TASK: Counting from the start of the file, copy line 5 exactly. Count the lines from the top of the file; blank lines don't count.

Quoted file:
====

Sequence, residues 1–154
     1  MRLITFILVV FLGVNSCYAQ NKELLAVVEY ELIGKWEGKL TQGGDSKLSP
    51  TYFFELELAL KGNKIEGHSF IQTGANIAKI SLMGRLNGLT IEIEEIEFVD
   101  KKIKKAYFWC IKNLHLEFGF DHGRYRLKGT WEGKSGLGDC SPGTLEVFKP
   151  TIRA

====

   151  TIRA